The Role of Media in an Adolescence Class
Changes in the media landscape, including definitions of media and student access, make it a challenge to teach about and use in the classroom.
A decade ago, media use was not a main topic in most adolescence text books. It was usually lumped in with work and leisure, and was only briefly touched on with descriptive information (e.g., how many adolescents had a t.v. in their bedroom). Media and technology have certainly changed in recent decades, and I think that our discussion of media as a context of development needs to change as well.
First, our definitions and understandings of traditional media sources need to change. For example, older media research discusses television as a family friendly medium, since families typically gathered around the television to watch together. However, the current generation of adolescents is likely experiencing television in a vastly different way—using DVRs, tablets, netflix, Hulu, and other ways to experience television “on demand,” and likely independent from their parents.
Second, there are additional media sources that we need to consider, such as social networking sites. In less than a decade since its invention, Facebook has grown to include over 845 million users, and has become a domain in which millions of social interactions occur every day (Wilson, Gosling, & Graham, 2012). Many of these users are adolescents and young adults, and they have developed with social networks as a normative context of development. What implications does this have for the development of identity, intimacy, social skills, cyber-bullying, self-esteem, and so on? Researchers are just starting to understand, and much more work needs to be done. Researchers have, however, agreed that the usage of Facebook (or other social networking sites) has become ubiquitous and common-place for today’s young people—which means it is a context of development that we can not ignore.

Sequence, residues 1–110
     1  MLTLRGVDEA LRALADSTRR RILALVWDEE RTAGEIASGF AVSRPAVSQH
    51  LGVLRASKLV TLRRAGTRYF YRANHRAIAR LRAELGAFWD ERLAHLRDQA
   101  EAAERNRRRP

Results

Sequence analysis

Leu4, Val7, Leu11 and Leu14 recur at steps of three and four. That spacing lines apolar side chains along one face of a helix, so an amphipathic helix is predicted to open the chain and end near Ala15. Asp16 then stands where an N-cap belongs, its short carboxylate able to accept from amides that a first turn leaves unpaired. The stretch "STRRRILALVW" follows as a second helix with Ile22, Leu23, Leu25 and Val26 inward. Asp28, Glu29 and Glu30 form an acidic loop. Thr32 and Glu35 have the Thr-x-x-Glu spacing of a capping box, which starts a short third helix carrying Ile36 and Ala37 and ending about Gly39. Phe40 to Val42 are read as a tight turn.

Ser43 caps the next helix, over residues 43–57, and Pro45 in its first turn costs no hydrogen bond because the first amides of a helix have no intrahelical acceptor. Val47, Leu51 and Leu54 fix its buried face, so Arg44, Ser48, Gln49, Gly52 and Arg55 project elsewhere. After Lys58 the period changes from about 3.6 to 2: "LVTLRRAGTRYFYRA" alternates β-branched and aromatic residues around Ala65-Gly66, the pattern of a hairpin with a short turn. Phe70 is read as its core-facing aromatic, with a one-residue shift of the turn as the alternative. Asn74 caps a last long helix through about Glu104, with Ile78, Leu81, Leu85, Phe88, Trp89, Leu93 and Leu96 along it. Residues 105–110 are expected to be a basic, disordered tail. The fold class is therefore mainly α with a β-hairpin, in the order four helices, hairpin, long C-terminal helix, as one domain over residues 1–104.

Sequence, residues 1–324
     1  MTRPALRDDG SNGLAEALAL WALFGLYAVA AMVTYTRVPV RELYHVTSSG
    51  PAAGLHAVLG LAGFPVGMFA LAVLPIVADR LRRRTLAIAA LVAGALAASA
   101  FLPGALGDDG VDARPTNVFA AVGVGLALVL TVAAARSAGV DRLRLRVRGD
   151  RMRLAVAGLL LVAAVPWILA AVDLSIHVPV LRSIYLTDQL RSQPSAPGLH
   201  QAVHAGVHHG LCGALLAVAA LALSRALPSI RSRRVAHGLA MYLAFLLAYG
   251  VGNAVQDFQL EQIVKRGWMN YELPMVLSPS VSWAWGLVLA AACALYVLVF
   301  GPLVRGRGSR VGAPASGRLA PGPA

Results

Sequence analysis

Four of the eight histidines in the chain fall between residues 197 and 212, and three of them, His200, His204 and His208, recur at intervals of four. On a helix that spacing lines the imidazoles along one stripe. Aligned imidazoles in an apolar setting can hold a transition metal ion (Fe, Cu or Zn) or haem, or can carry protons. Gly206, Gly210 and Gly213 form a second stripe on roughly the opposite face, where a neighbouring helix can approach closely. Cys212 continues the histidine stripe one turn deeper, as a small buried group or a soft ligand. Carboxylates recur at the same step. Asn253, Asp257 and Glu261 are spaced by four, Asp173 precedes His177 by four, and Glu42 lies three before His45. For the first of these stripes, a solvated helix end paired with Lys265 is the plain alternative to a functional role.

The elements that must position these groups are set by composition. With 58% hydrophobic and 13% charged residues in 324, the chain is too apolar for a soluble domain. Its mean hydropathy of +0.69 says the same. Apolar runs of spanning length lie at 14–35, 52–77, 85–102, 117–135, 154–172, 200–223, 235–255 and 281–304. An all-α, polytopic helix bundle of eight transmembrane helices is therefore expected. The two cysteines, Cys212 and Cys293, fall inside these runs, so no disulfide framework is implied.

Finally, overall media use has been steadily increasing among adolescents, making it a context of development that is rapidly growing more and more influential. In fact, the average teen today consumes over an hour more of media each day than just a decade ago, totaling just over 7 ½ hours per day. That is more time per day than the average teen spends in school, with family, or even with peers— which we would all agree are important contexts of development.
Beyond teaching about the effects of media usage, how can we incorporate media usage into our classes to add to the academic experience? The students we are teaching are part of what has been called the “digital” generation. How can we capitalize on this to reach them in the classroom? I have been to conference sessions supporting the use of twitter in classrooms (as a way to gauge interest or knowledge), Facebook between students and Professors (as a way to establish rapport), and school supported sites such as Blackboard (to provide immediate access to course materials and grades). I have also been a part of numerous pedagogical conversations about the “dangers” and drawbacks of allowing technology into the classroom (cell phones and lap tops, in particular). So what is the answer?
To be honest, I am not sure… and I believe it is likely a moving target. I regularly use Blackboard for my classes, although even then I am not sure my feedback is “immediate” enough for some students. I have had success with incorporating some media references into my teaching (e.g., discussing “Mean Girls” as an example of cliques), as well as using short clips or memes to give visual examples of course concepts, or spark discussion. I have not been brave enough, however, to try the more cutting-edge techniques like Twitter. Since I haven’t ever tweeted, I think it is best not to experiment with it in the classroom setting.
The best way that I feel I have consistently capitalized on the importance of media, and our students’ interest in it, is with an assignment asking them to analyze song lyrics. Although the way music is delivered has changed in recent decades (e.g., tapes to CDs to itunes), the popularity of music with adolescents has remained fairly consistent. Some research even indicates that adolescence (and early adulthood) is when music is most influential in a person’s life. So, I have built an assignment around music, which I use with the unit on media each semester. I ask students to identify a song that is popular with adolescents currently (or when they were an adolescent), and analyze the lyrics. Specifically, I ask them to: 1) identify the intended audience (and how they know), 2) discuss the artist’s impression of adolescents (e.g., positive or negative), 3) determine the overall message of the song, 4) use a theory of media use (e.g., Cultivation Theory) to discuss the impact this message may have on adolescents, and 5) identify and explain any themes from class that are present in the song (e.g., peer pressure). The range of songs, as well as the depth of the analyses of them, has been astounding. Every semester I learn about “what kids are listening to these days,” as well as how thoughtful and engaged my students can be. Overall, this is one of my most engaging and enduring assignments, and each semester the students comment about how much they enjoy it. I really enjoy it too (although I know more about Taylor Swift than I ever wanted to).
By Renée Peltz Dennison, Ph. D.
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